You have only to linger a short while in a supermarket to notice, if not tragedy itself, at least little human tragedies.
When I am in Paris and feeling exhausted for one reason or another, I sometimes patronise a small nearby supermarket—rather guiltily, for there are small shops a few hundred yards further on where the produce is of higher quality and I in any case feel almost morally obliged to support small businesses rather than patronise large corporations. I don’t want a world in which there are large chain-stores and the internet, and nothing in between. Not to take the trouble to patronise small shops and then complain that there aren’t any left is like complaining about your elected representative when you haven’t taken the trouble to vote (I believe this very common genre of complaint has been eliminated in Australia), for example as in Paris, where everyone complains about the mayor but few people voted in the mayoral election.
Anthony Daniels appears in every Quadrant.
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In the corner of the supermarket are two plastic tables and chairs where tired or elderly shoppers can rest awhile. There recently one evening I noticed a beggar, a woman of about fifty, an East European gypsy to judge from her mode of dress and her olive complexion, counting out her day’s takings on one of the tables, putting them in little piles of five euros each, and muttering the total to herself as she went. She was obviously very tired.
She was hoping that the cashier would exchange them for banknotes because forty or fifty euros in coins weigh quite a lot, but the cashier said she had more than enough change already. The beggar would have to leave the supermarket weighed down by coins.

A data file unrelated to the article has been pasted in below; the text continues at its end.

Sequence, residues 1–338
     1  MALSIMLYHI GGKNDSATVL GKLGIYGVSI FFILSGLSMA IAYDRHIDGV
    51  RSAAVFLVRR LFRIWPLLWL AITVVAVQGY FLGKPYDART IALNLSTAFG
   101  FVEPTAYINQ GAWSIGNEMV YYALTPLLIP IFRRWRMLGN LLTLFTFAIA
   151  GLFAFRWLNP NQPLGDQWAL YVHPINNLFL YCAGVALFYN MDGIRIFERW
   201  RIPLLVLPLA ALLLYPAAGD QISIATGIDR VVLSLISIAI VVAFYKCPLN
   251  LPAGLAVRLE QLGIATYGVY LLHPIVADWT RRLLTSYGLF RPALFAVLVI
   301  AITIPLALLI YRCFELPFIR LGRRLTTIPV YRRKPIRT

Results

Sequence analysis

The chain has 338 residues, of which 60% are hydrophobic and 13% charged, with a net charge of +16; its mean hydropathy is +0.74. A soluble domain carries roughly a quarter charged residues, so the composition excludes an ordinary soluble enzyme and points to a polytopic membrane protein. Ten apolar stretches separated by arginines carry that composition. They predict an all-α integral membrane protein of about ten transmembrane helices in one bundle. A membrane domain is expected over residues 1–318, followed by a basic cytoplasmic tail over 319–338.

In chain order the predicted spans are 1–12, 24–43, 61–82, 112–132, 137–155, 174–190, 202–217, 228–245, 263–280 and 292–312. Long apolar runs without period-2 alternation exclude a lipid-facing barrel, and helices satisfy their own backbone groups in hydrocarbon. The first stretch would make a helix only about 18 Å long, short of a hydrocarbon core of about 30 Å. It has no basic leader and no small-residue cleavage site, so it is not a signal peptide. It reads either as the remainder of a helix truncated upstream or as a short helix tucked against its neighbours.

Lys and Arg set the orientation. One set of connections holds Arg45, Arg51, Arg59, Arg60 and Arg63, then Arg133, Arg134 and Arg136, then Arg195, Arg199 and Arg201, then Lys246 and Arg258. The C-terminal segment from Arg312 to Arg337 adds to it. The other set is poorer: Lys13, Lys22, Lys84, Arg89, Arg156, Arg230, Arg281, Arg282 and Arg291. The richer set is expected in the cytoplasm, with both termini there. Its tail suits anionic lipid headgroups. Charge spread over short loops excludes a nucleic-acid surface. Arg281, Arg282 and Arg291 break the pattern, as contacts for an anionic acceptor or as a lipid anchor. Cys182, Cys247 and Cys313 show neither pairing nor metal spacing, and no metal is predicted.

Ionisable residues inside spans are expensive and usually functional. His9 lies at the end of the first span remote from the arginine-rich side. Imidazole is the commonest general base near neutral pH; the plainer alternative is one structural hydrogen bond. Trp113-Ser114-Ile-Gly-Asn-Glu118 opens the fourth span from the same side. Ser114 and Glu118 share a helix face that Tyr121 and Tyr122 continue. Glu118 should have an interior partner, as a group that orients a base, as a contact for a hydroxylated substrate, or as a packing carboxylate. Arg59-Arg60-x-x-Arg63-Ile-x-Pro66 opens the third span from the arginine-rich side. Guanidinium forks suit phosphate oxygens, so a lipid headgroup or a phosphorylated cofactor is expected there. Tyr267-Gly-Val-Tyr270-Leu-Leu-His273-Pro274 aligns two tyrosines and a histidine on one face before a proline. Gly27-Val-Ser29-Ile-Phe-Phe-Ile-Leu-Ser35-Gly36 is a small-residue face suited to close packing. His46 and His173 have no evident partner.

Even allowing for the fact that the money was free of tax, forty or fifty euros was not a rich reward for having spent the day holding out a hand to thousands of passers-by, most of whom would be mildly irritated by her very existence, and even the donors feeling slightly guilty at their own lack of generosity in not giving her more. There is, of course, a persistent urban myth or rumour, that I have heard expressed many times, that such as she change into sable furs or ermine the moment the begging day is over and drive off in their expensive cars parked just round the corner: but I do not believe it. I think the myth circulates to assuage our subliminal bad conscience at the often unmerited distribution of good- and ill-fortune.
I am not in favour of mendicancy and wish it didn’t exist, but could nevertheless not help but ask myself what kind of life the beggar in the supermarket had had, and what kind of life she had now. I have done some bad things in my life and I have made a number of stupid mistakes, for some of which I will pay to the end of my days, but at no time was I anywhere near being reduced to beggary. Even if the woman counting her coins were an unpleasant person, even if she had made terrible choices, even if her situation were entirely of her own making (which I would find it hard to believe), I could not but see her as a tragic figure.
Soon there will be no cash and no cashiers in the supermarket, the latter having already been reduced by modern technology from four to one. What will beggars do when there is no more cash? Accept goods in kind?
I never entered the supermarket while there were still four cashiers at the tills without also wondering what their lives beyond the supermarket were like. Too often when we see a person fill a certain role, we assume that they exist only while they perform that role—waiters, for example, or barbers. They exist for us only while we perceive them, as if they were living proofs of Berkeley’s theory of being and perception.